The Bluetooth Story

 

Microsoft scripting guys published an interesting story about the origin of Bluetooth at Microsoft TechNet. Here it goes:

The Bluetooth “personal area networking” protocol was named in honor of Harald Bluetooth Gormson, son of King Gorm the Old, the one time King of Jutland. (We’re not sure if Gorm the Old is the name that the King was given at birth; that would be pretty cool, though, wouldn’t it?) We found it interesting that Harald’s middle name was Bluetooth. After all, Scripting Guy Jean Bluetooth Ross has spent her entire life (79 years and counting) thinking she was the only person to have that middle name. Good news, Jean: you’re not the only Bluetooth after all.

At any rate, Harald became King sometime around 958, upon the death of his father. Over time, Harald conquered all of modern-day Denmark and Norway, and, along the way, kind of, sort of converted to Christianity. He had a son named Sweyn Forkbeard who, no doubt in retaliation for being given the name Sweyn Forkbeard, eventually led a revolt that cost his father both his throne and his life.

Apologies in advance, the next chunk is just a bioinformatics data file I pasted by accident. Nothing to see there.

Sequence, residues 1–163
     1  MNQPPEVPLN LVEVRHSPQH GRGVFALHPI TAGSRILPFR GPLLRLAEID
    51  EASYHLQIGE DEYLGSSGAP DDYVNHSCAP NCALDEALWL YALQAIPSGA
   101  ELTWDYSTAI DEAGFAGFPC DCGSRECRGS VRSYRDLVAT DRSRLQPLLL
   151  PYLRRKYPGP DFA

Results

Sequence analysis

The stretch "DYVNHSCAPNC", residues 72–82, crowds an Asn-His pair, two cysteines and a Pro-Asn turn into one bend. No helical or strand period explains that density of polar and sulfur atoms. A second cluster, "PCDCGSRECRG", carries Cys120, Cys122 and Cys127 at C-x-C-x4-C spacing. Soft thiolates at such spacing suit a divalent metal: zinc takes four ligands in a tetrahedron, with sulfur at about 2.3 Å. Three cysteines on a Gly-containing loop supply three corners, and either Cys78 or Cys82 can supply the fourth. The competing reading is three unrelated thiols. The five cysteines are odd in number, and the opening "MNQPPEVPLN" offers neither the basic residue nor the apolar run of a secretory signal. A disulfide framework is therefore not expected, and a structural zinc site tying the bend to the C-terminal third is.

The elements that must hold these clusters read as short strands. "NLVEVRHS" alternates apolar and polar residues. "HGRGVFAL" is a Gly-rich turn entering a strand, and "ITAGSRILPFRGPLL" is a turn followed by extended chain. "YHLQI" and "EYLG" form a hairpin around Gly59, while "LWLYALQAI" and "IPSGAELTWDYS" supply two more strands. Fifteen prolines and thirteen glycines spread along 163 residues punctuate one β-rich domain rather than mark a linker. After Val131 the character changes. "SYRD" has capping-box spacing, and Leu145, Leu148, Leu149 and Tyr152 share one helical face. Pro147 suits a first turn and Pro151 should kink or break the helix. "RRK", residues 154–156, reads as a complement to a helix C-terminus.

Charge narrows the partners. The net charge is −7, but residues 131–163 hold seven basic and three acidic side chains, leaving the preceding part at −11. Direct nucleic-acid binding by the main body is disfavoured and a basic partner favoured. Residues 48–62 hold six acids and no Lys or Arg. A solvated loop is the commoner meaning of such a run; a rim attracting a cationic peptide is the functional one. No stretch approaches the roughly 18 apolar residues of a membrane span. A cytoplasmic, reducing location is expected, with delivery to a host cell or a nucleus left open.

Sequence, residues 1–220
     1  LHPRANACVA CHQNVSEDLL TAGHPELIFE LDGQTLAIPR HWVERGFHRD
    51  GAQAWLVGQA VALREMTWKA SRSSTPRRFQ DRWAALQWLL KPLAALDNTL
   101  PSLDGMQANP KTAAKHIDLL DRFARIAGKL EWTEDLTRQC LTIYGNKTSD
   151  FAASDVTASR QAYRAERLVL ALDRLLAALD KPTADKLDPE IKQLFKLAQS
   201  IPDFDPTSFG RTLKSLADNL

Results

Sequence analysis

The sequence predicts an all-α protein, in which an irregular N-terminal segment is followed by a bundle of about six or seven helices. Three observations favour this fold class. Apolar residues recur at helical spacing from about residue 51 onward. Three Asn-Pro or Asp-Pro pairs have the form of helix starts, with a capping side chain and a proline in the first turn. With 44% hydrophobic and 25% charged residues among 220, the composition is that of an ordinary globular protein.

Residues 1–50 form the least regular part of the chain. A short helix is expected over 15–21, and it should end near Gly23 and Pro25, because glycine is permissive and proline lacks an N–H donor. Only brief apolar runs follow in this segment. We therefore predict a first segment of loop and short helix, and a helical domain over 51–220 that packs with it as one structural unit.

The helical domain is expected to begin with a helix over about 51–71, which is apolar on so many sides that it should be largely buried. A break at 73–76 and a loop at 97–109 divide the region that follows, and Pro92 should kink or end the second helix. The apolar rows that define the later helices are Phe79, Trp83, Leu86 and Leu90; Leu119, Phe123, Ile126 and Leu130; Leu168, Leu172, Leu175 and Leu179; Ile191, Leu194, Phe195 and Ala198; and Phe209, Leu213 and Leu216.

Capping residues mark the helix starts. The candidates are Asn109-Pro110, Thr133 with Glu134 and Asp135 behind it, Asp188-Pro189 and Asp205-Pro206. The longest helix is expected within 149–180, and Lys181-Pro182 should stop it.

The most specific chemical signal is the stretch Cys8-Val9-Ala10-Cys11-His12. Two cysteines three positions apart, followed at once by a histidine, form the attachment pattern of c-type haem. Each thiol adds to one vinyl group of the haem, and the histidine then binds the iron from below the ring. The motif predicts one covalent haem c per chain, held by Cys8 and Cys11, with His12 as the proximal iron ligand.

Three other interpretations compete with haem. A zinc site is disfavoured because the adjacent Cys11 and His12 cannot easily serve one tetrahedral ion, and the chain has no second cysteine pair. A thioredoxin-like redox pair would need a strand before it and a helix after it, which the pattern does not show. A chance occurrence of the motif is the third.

But Harald got the last laugh; after all, how many Forkbeard-enabled devices do you see these days?

Note. There seems to be some disagreement as to where the name Bluetooth came from. Some scholars insist it comes from the old Norse words for “dark-skinned” and “great man,” meaning that Harald had dark skin and, well, was a great man. Others say it’s because Harald actually had a blue tooth. Fortunately, Peter Costantini, the oldest living Scripting Guy, went to junior high school with Harald, so we’ll ask Peter about that.

Just as soon as he wakes up from his nap.

After we disposed of the question “Where did the name Bluetooth come from?” a second question popped into our heads: how can you tell if a computer is Bluetooth-enabled? That turned out to be a much tougher question to answer; in fact, we never did find anything that could tell us definitively whether or not a computer was Bluetooth-enabled. (Or at least not a definitive way to do this programmatically; it’s easy enough to verify that a computer is Bluetooth-enabled by using the Windows Control Panel.) However, based on the fact that Bluetooth is a network protocol, we managed to come up with the following a script, a script that correctly determined whether a handful of test computers were Bluetooth-enabled:

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